Training for elevator repair or service technicians is usually acquired through apprenticeship programs following completion of high school. Technicians generally need to be licensed by the state, which usually includes meeting education requirements and passing an exam.
Elevator repair or service technicians install and perform regular maintenance on elevators, escalators, chairlifts and moving sidewalks. They learn their trade in union-approved apprenticeships and may earn certification to enhance their credentials. Technicians must also comply with licensing requirements that can vary by city and by state.
|Required Education||On-the-job, union-approved apprenticeships|
|Other Requirements||Licensing as required by local city and state; certification is recommended|
|Projected Job Growth (2014-2024)||13% (elevator installers and repairers)*|
|Mean Salary (2015)||$77,350 annually (elevator installers and repairers)*|
Source: *U.S. Bureau of Labor Statistics
Job Description for an Elevator Repair or Service Technician
Elevator service technicians are primarily responsible for all preventative maintenance and repair work on elevators and similar people-moving machinery. They also install various components of the elevator system, such as the railings on which the elevator car travels, its supporting motors and cables and the electrical wiring and microprocessors that power the equipment.
Elevator repair technicians respond to calls about malfunctioning equipment, often troubleshooting the machinery until the problem can be diagnosed and solved. These technicians check wiring and parts for signs of wear, replace parts as needed, oil gears and test electrical systems to make sure the elevator unit is running efficiently.
On-the-job apprenticeships are usually where elevator service technicians receive most of their training. Candidates must be 18 years old and hold a high school diploma. Apprenticeships generally last four years, during which time the apprentice learns the repair trade by assisting an elevator service technician and attending classes that include blueprint reading, electrical systems, mathematics and physics.
Many elevator service technicians continue to participate in training seminars and workshops throughout their careers. Such continuing education ensures these technicians are current on the latest machinery and prepares them for promotion to positions such as elevator inspector or mechanic-in-charge.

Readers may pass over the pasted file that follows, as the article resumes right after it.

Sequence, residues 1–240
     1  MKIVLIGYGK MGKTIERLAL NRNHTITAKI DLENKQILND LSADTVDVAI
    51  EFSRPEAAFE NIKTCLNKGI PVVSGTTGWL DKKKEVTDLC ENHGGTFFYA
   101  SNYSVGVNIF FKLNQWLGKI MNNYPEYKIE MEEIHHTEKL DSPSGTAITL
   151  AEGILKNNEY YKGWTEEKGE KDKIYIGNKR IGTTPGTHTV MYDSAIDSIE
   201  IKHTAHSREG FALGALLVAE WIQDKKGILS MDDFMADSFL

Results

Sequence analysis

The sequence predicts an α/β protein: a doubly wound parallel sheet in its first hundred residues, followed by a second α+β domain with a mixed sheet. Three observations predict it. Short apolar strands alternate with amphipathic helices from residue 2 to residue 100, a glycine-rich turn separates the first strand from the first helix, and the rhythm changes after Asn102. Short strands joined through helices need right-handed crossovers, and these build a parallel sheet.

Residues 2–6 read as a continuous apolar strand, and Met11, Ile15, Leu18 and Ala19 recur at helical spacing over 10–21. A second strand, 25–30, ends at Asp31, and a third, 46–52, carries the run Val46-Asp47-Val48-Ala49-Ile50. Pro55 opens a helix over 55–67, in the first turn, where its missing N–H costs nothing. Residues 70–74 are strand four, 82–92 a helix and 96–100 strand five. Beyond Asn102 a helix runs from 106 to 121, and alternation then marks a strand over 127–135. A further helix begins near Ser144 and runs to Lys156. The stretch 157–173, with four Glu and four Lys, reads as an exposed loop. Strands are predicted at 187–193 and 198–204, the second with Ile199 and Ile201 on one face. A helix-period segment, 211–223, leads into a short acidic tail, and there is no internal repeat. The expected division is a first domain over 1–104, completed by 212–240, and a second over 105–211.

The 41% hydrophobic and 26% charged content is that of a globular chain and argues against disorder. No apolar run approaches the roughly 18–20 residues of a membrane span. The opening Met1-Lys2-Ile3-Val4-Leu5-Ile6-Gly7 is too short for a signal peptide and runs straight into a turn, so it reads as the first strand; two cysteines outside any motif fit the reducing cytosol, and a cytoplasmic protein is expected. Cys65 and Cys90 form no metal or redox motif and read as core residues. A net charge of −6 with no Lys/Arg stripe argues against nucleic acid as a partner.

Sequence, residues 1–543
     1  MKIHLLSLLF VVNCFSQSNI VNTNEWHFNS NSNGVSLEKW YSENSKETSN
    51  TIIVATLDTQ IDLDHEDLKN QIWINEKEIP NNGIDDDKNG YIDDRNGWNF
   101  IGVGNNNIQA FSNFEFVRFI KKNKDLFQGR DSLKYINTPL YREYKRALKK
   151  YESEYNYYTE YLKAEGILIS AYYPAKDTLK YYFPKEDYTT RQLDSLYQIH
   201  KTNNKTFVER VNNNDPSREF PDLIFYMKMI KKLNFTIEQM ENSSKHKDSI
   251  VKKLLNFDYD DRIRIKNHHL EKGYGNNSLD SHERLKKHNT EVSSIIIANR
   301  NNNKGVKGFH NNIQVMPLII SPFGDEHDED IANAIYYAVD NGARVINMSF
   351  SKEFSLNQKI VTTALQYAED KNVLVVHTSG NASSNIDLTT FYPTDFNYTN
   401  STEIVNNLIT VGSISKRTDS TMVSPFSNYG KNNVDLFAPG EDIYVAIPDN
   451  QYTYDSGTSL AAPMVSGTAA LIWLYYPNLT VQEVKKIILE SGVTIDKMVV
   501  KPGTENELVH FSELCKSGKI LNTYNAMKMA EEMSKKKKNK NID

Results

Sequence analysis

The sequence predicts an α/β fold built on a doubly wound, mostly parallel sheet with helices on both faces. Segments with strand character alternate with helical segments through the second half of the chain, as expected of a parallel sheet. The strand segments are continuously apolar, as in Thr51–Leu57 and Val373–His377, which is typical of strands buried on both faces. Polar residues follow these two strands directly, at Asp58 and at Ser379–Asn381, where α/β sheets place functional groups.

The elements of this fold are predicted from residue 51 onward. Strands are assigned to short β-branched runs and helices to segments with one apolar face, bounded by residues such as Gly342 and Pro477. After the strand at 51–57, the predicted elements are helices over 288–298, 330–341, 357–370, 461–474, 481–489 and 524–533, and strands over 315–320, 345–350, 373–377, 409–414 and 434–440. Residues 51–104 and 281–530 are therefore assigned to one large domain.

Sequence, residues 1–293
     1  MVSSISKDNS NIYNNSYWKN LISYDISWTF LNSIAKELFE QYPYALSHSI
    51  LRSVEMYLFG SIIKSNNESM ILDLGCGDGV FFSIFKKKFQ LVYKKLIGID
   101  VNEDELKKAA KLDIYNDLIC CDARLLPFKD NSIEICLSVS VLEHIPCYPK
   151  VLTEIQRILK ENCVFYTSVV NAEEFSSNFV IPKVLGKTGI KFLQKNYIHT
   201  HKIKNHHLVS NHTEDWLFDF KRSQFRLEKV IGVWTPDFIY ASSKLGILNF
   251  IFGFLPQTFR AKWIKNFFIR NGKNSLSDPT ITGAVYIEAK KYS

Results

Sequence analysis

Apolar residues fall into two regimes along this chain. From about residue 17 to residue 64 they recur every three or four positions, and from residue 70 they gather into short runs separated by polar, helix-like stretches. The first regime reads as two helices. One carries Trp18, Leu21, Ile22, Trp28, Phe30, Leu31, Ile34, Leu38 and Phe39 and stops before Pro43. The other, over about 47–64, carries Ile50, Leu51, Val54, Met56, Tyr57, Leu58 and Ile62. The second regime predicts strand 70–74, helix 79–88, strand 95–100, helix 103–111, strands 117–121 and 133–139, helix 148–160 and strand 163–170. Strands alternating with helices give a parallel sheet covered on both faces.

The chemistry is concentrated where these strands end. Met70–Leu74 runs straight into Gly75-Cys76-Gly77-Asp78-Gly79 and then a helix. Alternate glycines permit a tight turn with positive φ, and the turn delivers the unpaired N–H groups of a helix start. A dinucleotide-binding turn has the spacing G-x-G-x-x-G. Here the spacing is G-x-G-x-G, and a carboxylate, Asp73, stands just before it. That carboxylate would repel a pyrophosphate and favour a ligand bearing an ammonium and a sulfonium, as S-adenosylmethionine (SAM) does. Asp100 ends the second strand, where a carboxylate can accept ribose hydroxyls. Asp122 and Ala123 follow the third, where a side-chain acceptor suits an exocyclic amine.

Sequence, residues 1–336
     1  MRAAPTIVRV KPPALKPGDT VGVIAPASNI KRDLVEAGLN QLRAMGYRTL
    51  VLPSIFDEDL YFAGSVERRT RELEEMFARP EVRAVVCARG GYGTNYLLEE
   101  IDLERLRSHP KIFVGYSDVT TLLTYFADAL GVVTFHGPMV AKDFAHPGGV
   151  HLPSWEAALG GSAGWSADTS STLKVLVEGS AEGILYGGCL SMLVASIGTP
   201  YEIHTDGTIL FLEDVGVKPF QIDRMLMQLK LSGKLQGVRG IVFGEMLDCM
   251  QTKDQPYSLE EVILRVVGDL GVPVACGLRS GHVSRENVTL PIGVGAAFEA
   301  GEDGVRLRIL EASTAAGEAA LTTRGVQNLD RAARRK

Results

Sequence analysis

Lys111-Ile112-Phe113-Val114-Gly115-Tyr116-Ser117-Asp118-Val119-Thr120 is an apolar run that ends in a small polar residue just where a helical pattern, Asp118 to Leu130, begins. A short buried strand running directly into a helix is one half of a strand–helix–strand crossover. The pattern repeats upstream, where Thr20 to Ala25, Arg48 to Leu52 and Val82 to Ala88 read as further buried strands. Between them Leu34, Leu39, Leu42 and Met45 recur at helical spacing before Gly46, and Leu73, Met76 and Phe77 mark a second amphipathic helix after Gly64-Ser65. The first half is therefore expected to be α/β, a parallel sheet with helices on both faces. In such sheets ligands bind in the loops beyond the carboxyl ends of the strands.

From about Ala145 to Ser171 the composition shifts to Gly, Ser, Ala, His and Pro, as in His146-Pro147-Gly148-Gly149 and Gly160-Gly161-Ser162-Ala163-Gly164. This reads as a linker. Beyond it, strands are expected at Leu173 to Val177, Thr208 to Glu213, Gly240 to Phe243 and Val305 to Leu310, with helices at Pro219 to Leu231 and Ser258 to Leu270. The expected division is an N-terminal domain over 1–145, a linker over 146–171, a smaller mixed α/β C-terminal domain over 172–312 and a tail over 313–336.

Licensing and Certification
Licensing requirements can vary by city and state, but most require technicians to pass a licensing exam. Certification is not required; however, the National Association of Elevator Contractors provides several certification options.
Certified Elevator Technician (CET)
To attain certification as a CET, candidates first complete four courses on elevator machinery and installation processes, which make up the Associate Elevator Technician (AET) certification. Candidates pass an exam for each course and a comprehensive exam that covers all four courses. To get the CET designation, candidates then complete an additional eight courses and exams and pass another final comprehensive exam. Both programs take a combined total of about four years to complete. Continuing education is required yearly to maintain certification.
Certified Accessibility and Private Residence Lift Technician (CAT)
The CAT process consists of five courses on various types of lift machinery and safety, each of which ends with a final exam. This program takes approximately two years to complete and culminates with a comprehensive exam that covers information from all five courses. The CAT, CET and AET designations can benefit elevator service technicians by signifying their degree of professional knowledge and training.
The U.S. Bureau of Labor Statistics (BLS) predicted that elevator installers and repairers would experience a 13% increase in job opportunities from 2014-2024. This group of technical professionals earned a mean annual salary of $77,350 in May 2015.
Elevator repair and service technicians install, inspect, maintain and repair elevators and other people-moving equipment. They can seek certification to help advance their careers, and continuing education may prepare them for promotion to positions of more responsibility.